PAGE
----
South Australian Premier Steven Marshall has called for Western Australia to lift its remaining travel restrictions with SA and questioned the WA leader’s decision to dodge a face-to-face meeting in Canberra.

Mr Marshall planned to speak with WA Premier Mark McGowan about the coronavirus travel measures on Thursday, ahead of Friday’s national cabinet meeting.

But the WA premier has decided against attending the gathering in person, citing health advice against mixing with residents of SA.

He is expected to attend by video link.

Mr Marshall said he would leave it up to Mr McGowan to “explain his logic”.

“The reality is every other state and the other chief ministers have advice on South Australia’s health and they will all be at the national cabinet meeting,” the premier said.

“South Australia expects to have 12 days of no new cases when we report later today and we have no active cases in our state whatsoever.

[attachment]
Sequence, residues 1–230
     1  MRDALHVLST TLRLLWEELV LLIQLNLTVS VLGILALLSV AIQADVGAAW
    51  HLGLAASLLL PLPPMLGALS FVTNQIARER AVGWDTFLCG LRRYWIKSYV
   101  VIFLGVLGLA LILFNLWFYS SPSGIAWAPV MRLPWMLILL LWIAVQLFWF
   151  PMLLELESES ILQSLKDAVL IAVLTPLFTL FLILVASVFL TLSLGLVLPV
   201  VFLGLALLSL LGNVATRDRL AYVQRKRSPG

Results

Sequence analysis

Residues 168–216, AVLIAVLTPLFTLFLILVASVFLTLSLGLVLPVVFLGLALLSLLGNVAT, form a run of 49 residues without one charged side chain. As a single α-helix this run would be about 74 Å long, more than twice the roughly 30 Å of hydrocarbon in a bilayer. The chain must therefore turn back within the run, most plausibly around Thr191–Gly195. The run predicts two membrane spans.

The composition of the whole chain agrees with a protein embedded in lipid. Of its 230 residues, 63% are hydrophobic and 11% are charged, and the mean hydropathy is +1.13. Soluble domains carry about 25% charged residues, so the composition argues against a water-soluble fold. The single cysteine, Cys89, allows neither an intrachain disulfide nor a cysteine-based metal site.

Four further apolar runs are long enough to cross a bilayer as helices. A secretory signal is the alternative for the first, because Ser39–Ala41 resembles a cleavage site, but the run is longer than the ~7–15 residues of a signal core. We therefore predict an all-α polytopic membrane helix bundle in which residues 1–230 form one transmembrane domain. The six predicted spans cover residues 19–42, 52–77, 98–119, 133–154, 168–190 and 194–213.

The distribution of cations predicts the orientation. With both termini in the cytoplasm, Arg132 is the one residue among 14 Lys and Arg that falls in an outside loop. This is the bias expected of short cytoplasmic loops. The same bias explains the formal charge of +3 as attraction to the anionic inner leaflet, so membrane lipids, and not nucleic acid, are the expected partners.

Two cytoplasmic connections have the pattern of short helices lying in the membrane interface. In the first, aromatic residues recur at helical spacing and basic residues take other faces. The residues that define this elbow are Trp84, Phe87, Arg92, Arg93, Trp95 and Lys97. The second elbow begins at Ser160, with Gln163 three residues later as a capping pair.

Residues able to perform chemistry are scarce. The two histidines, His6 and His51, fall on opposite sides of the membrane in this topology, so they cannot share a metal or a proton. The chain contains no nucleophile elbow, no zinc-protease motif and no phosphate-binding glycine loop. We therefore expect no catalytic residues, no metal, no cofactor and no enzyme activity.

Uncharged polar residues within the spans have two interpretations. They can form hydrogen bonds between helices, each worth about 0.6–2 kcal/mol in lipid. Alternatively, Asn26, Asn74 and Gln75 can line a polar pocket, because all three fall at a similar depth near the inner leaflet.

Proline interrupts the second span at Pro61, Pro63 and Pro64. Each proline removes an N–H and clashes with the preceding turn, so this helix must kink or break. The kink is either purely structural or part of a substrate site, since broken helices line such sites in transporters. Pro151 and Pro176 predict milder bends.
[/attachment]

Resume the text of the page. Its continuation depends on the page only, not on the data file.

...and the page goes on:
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“So it doesn’t make a lot of logical sense, but I’ll leave it up to Mark McGowan to explain the advice that he’s received.”

WA this week lifted travel rules for people coming from NSW and Victoria after declaring the states “very low risk”.

From Friday, SA travellers will no longer require exemptions to enter WA, although they will still need to enter self-quarantine.

The measures were initially imposed in response to Adelaide’s Parafield COVID-19 cluster which grew quickly to 33 cases.

But health officials believe it is now under control.

Mr Marshall said SA had done an outstanding job in staring down a potential second wave of infections.

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“If anything, the Parafield cluster has demonstrated to the rest of the country how you can stare down a second wave, act decisively in line with health advice and move back to a situation with very few restrictions as soon as possible,” he said.

“It’s now time for Mr McGowan to lift the border restriction with that state.”

From next week, SA will ease a range of local restrictions imposed last month, including allowing up to 50 people at household gatherings and Christmas celebrations.

Patrons in pubs and restaurants will also be allowed to consume drinks while standing up while the size of funerals and weddings will rise to 200.

The capacity in entertainment venues, such as theatres of cinemas, will increase from 50 per cent to 75 per cent, provided people are wearing face masks.

AAP

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